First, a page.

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    19th-Century John Brown Archive

    Appraised Value:


    Appraised on: August 21, 2004

    Appraised in: Portland, Oregon

    Appraised by: Thomas Lecky

    Category: Books & Manuscripts

    Episode Info: Portland, Hour 3 (#915)

    Originally Aired: May 2, 2005

    slideshow IMAGE: 1 of 3 Next 

    More Like This:

    Form: Document, Letter, Archive
    Material: Paper
    Period / Style: 19th Century
    Value Range: $25,000

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    Appraisal Video: (2:34)


    Appraised By:

    Thomas Lecky
    Books & Manuscripts
    Vice President Department Head, Printed Books and Manuscripts

    Appraisal Transcript:
    GUEST: This is John Brown the abolitionist, famous for his attempts to free the slaves prior to the Civil War.

    APPRAISER: And how do you descend from him?

    GUEST: I'm his great-great-great-great-granddaughter. Four "greats."

    APPRAISER: Okay, well, what we have here is a letter to his business partner, Samuel Perkins, from 1848. And most interesting is the letter here to his son John. Now, he was born in 1800 in Connecticut. He died in 1859. He had 20 children, many of whom didn't survive him, but many of whom did. This is his son John. And he's writing a very personal letter to him. He writes, "One word in regard to the religious belief of yourself and the ideas of several of my children. My affections are too deep rooted "to be alienated from them. But my gray hairs must go down to the grave, in so unless the true God forgive their denial and rejection of him in their eyes." It's incredible revelatory content, very personal, written from a father to his son, but also from a person who is so important to American history. As you mentioned, he was a lifelong abolitionist, but not until he was in his 50s did he become very radical. He was a very mobile person throughout his life. We see that this letter is written in Springfield, Mass. This one was written from Kansas. In Kansas he was involved in killing five pro-slavery men. He then moved back East and was involved in the famous raid on Harpers Ferry, when he was caught by Robert E. Lee and eventually executed. The amazing thing about this photograph is it's inscribed "Your affectionate father, John Brown. 1859"-- the year that he died. Now, I imagine that you would keep these in your family and you want to know how to preserve them.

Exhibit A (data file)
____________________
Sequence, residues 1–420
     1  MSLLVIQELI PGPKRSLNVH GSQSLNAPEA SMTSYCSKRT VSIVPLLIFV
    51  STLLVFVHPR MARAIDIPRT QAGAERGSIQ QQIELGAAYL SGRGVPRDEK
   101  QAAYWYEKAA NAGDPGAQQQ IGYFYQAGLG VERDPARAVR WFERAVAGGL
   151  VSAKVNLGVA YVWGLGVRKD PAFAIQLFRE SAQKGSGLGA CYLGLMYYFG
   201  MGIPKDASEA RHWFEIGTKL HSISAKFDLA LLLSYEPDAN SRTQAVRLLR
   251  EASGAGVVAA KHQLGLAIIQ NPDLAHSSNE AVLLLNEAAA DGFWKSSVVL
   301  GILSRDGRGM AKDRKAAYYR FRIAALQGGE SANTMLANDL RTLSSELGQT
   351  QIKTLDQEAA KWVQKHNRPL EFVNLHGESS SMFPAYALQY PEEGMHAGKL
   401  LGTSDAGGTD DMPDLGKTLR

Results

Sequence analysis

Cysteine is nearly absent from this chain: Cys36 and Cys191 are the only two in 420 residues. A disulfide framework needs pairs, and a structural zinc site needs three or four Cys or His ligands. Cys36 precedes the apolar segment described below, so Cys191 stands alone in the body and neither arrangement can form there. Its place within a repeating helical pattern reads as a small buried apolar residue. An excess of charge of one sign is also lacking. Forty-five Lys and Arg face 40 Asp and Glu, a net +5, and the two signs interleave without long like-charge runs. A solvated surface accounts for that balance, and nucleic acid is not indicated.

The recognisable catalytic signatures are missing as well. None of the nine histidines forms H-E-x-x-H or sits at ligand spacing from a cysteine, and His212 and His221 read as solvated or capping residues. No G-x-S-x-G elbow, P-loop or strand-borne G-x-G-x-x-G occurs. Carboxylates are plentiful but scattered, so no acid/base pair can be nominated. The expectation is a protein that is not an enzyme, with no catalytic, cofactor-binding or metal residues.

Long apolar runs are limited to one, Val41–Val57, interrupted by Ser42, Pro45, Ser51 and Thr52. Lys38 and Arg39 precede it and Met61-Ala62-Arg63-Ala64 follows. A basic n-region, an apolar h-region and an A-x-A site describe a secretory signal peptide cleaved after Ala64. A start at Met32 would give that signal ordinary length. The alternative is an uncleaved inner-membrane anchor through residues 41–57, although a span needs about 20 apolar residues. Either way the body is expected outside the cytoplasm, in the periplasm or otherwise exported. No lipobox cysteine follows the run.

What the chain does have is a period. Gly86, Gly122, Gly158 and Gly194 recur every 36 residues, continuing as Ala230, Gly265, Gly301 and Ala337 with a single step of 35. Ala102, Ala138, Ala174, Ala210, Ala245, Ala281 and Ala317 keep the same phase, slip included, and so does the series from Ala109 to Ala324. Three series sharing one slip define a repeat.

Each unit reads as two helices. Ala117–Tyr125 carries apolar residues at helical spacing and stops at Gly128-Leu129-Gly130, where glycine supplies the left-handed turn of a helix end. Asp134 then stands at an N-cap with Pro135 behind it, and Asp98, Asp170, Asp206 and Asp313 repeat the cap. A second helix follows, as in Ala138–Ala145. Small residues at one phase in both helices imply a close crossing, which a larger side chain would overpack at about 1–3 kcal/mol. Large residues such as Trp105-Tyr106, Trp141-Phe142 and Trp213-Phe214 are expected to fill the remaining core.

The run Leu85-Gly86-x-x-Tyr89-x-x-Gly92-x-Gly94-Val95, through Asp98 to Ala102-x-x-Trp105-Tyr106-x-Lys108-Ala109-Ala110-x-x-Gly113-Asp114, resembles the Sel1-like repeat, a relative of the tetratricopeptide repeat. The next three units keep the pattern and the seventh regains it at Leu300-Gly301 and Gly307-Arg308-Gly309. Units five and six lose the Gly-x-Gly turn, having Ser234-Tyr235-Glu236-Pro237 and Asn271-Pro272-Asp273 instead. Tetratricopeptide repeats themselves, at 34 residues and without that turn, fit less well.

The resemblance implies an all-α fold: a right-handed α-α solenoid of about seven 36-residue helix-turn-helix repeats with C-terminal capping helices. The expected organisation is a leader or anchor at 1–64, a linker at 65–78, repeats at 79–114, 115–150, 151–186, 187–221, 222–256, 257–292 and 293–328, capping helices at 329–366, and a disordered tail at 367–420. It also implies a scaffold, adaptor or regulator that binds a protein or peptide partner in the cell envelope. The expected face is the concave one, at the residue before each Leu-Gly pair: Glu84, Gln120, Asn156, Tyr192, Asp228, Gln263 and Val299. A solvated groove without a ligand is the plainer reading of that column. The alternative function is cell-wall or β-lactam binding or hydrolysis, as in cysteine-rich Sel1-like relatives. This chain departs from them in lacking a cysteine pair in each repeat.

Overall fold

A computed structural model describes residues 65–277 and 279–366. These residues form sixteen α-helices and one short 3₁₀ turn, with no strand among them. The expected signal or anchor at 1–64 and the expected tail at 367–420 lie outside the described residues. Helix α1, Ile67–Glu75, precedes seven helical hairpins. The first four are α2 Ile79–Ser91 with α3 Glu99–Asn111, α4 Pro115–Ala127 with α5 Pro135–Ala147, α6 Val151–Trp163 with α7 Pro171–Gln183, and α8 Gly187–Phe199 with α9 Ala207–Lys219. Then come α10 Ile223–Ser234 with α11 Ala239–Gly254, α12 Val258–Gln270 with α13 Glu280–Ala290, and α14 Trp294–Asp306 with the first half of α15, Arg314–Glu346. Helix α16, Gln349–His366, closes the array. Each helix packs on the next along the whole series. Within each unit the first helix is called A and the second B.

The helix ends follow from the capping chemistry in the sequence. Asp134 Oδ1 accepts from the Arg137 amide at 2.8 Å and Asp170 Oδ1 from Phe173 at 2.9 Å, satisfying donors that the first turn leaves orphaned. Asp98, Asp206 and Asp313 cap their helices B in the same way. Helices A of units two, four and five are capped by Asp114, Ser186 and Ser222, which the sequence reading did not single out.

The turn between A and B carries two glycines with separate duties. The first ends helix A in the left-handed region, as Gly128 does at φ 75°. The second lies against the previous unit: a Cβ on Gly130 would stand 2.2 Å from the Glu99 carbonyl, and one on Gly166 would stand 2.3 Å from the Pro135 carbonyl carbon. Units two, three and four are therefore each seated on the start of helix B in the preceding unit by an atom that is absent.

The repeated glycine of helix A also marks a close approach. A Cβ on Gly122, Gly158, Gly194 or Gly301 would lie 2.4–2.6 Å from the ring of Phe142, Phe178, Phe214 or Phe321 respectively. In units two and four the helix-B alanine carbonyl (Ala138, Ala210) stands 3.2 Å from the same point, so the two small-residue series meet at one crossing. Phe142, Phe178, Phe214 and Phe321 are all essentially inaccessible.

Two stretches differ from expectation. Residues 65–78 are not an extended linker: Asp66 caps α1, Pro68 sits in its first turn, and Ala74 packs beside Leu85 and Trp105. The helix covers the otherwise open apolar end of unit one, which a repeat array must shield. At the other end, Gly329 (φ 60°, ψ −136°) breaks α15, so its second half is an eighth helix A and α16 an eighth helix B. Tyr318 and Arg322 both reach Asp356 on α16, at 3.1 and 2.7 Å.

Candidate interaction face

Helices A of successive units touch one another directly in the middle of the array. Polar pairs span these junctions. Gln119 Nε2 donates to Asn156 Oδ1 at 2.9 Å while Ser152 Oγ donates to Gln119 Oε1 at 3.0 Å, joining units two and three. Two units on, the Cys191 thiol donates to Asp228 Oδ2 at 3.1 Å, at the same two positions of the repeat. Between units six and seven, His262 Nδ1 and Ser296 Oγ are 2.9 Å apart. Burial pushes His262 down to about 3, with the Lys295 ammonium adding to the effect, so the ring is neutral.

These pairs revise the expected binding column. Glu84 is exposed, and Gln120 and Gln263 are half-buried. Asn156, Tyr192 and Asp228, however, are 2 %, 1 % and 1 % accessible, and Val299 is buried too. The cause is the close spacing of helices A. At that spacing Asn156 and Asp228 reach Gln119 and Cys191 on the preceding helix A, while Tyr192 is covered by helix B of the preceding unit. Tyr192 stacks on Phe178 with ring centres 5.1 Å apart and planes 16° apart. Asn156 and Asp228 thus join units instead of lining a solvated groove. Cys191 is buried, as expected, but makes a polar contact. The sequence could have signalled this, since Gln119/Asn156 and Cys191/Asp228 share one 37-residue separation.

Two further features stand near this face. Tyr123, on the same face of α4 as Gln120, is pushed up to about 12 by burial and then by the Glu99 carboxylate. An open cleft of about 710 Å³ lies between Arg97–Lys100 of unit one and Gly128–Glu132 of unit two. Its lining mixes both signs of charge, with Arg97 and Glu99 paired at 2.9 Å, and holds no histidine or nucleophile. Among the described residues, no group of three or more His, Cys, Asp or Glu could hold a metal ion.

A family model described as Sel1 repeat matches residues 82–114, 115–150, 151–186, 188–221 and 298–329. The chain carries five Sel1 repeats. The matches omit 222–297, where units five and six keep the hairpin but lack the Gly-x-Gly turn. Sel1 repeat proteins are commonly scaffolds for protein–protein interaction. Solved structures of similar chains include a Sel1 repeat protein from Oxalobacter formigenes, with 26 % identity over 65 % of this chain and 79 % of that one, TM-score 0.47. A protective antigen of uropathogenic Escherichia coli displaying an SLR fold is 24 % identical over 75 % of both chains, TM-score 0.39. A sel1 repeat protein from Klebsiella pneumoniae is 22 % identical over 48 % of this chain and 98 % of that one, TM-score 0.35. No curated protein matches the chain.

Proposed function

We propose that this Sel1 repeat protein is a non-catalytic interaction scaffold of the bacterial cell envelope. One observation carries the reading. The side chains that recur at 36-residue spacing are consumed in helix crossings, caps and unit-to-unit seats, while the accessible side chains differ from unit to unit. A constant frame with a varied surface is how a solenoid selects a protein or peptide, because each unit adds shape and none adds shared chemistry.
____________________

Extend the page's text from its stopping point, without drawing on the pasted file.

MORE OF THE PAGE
GUEST: That's correct, yeah.

    APPRAISER: Well, the best thing is to keep them flat, unfolded, as you've done, to have them in Mylar sleeves or in acid-free envelopes, well protected. It's a shame about the water damage to that. It would be tough to clean it up and I'm not sure I would want to, if I were you. You kind of want it in the way that it exists...

    GUEST: Right. It's been through a flood, so...

    APPRAISER: Well, if I were to place an insurance value on the group, I would say, because of John Brown's relative rarity, in terms of letters with important personal content like this, I would place an insurance value of $25,000.

    GUEST: Okay.

    APPRAISER: Thanks for bringing them in.

    GUEST: Thank you.

    APPRAISER: They're fantastic.

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